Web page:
How the Sun Gets Its Spots

One of the leading researchers studying the sun reveals the origins and lifecycles of sunspots. Here, a high-resolution image of a sunspot taken at the Sacramento Peak Observatory of the National Solar Observatory in New Mexico. The direction of the fringes around the sunspot indicate the direction of the sun’s magnetic field. (Image credit: National Solar Observatory)

This Behind the Scenes article was provided to LiveScience in partnership with the National Science Foundation.

Sunspots are huge, dark, irregularly shaped — and yet, temporary — areas of intense magnetism on the sun that expand and contract as they move. 

"The diameters of sunspots are frequently on the order of 50,000 miles," said Frank Hill of the National Science Foundation's National Solar Observatory. "By contrast, the earth's diameter at the equator is about 8,000 miles. The intense magnetism of sunspots usually reaches about 3,000 Gauss. [The more intense a body's magnetic field is, the higher its Gauss number.] By contrast, refrigerator magnets average about 5 Gauss, the sun averages about 1.0 Gauss, and the Earth averages about .50 Gauss."

Most of the sun's surface is covered by convection cells — roiling and boiling gases that bring heat up to the sun's surface from the furnace in its core via convection. However, the intense magnetism of sunspots inhibits convection and the associated heat transport to them. Therefore, their temperatures range from about 5,000 to 7,600 degrees Fahrenheit, cooler than their surroundings, which hover around 10,000 F.

It is only because of the "coolness" of sunspots that they appear black relative to their surroundings; if sunspots could be separated from their surroundings, they would appear brighter than electric arcs.

Sunspots are cyclic . The number of sunspots increases and decreases over a period of approximately 11 years. During solar maximums, when sunspot activity is high, areas near sunspot clusters experience particularly frequent explosive activity, such as Coronal Mass Ejections  (CMEs), massive blasts of highly charged particles and gases hurled from the sun. CMEs can pose serious threats to people because they may damage satellites, increase the radiation exposure of astronauts, disrupt communication and navigation systems, and knock out power grids and other high-tech systems.

During solar minimums, when sunspot activity is low, CME's occur less frequently than they do during maximums. Nevertheless, solar minimums are not necessarily CME-free periods; large CME's have occurred during solar minimums. 

"During the solar cycle, slow (20 to 30 mile per hour) flows of plasmas, known as jet streams, move from east to west across the sun and slowly south from the solar north pole and slowly north from the south pole to the equator," Hill said. 

Jet streams reach depths of about 65,000 miles below the sun's surface. "Sunspots and the jet stream are closely associated with one another in terms of location and behavior," adds Hill. Sunspots initially appear during a solar cycle when the center of the jet stream reaches a latitude of about 25 degrees. Also, sunspots are born above the jet stream and reach deep inside the sun into the stream.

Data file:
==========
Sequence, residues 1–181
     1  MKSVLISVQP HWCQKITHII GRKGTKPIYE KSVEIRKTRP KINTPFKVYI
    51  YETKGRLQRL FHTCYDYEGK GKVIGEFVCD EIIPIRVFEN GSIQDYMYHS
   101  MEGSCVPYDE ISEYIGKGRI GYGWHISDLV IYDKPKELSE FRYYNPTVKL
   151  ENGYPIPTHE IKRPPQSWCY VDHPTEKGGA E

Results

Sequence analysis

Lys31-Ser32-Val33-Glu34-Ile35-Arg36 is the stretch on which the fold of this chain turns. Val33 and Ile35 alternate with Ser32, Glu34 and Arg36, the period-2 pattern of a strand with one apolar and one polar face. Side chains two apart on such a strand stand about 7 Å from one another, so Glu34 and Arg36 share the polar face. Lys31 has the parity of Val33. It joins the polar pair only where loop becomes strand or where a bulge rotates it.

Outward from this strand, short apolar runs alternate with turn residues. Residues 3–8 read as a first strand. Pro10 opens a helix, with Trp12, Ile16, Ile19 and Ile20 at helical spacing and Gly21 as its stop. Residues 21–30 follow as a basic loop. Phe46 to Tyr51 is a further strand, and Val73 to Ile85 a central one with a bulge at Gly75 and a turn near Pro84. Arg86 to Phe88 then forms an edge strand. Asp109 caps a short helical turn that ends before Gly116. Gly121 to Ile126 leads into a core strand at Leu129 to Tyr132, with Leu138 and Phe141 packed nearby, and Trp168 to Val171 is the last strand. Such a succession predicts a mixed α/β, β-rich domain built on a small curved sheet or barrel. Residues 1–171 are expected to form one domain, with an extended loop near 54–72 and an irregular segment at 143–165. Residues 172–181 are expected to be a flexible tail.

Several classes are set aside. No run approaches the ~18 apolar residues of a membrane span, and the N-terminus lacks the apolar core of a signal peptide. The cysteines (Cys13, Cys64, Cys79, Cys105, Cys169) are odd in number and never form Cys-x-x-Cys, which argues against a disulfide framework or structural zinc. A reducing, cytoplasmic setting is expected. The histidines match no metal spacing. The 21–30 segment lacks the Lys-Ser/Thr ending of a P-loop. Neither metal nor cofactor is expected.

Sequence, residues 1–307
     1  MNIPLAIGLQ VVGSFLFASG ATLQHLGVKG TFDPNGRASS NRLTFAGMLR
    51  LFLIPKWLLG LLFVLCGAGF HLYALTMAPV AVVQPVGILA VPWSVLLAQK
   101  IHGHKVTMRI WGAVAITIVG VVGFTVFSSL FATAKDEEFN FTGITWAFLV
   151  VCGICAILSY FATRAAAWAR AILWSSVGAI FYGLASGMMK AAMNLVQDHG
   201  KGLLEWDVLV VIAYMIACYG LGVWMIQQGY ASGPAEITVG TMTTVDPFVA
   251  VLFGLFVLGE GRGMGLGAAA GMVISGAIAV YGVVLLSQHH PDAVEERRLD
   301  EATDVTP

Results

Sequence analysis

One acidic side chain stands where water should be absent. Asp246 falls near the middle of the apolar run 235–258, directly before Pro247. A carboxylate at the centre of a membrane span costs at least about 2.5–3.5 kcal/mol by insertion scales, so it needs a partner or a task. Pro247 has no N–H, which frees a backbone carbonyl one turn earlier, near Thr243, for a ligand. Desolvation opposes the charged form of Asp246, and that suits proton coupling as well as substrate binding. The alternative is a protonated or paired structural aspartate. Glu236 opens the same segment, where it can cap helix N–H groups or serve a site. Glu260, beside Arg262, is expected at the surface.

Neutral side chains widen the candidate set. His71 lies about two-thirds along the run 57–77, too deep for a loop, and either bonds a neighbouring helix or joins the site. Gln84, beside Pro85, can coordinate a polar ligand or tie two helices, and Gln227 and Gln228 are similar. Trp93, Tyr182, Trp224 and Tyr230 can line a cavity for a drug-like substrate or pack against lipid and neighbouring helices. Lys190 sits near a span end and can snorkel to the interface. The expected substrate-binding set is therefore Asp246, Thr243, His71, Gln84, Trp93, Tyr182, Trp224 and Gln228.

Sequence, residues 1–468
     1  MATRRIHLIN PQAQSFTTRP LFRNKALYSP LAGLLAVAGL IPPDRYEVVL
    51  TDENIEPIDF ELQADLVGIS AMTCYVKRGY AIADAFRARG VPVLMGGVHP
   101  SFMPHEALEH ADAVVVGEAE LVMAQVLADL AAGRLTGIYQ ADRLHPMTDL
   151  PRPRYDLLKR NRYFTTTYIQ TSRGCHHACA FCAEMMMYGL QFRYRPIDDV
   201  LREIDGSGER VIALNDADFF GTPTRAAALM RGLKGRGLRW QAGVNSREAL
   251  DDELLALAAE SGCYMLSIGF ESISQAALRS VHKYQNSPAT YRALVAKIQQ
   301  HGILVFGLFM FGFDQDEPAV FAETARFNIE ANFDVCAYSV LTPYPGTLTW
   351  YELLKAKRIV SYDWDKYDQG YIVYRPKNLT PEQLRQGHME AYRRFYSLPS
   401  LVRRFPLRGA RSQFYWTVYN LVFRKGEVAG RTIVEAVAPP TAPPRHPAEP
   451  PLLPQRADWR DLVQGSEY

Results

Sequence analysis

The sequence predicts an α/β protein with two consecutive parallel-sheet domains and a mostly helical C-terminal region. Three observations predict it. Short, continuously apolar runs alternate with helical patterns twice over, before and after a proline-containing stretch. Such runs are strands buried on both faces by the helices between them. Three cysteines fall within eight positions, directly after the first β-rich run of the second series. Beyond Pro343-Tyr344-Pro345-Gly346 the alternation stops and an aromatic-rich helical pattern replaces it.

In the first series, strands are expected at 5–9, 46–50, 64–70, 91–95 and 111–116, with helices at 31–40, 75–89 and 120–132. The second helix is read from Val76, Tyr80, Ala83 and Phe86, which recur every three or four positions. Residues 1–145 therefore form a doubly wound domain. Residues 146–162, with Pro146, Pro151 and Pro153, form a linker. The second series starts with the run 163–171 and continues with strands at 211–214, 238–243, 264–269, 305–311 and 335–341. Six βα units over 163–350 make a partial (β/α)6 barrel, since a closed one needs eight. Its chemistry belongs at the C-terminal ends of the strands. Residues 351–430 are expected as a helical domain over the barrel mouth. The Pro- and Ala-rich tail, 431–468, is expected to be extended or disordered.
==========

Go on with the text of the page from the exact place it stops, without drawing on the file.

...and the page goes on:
At the beginning of any given sunspot cycle, sunspots are usually born in clusters at high latitudes. But by the end of the cycle, the birthplace of sunspots has — like the jet stream — usually moved to the equator.  

During the current sunspot cycle, the jet stream took a year and a half longer to reach a latitude of 25 degrees than during the previous cycle. Likewise, the solar minimum between the previous and current cycle lasted 1.5 years longer than the previous minimum. This observation suggests that "scientists might be able to use the jet stream to predict the timing of sunspot cycles," Hill said. "Nevertheless, we don't know yet whether the jet stream causes sunspots or sunspots cause the jet stream."

How can scientists possibly determine what's happening in the sun's depths from our vantage 93 million miles away? They observe the speed of waves travelling through the sun, which manifest on the sun's surface as observable up-and-down oscillations of gases.  From those oscillations, scientists can deduce the temperatures, composition and movement of materials inside the sun. 

The technique of "seeing" inside the sun by observing its oscillations — known as helioseismology — is analogous to techniques used in Earth seismology to "see" inside our planet by measuring how long it takes earthquake-generated waves to travel through the interior and reach the Earth's surface. 

Important institutions for helioseismology research are the National Science Foundation's Solar Observatory Network and the Global Oscillation Network Group (GONG), a worldwide network of telescopes that continually observe the sun. Read about the latest solar discoveries and see more stunning images at the Solar Observatory Network and GONG websites.

Editor's Note: This research was supported by the National Science Foundation (NSF), the federal agency charged with funding basic research and education across all fields of science and engineering. Any opinions, findings, and conclusions or recommendations expressed in this material are those of the author and do not necessarily reflect the views of the National Science Foundation. See the Behind the Scenes Archive.

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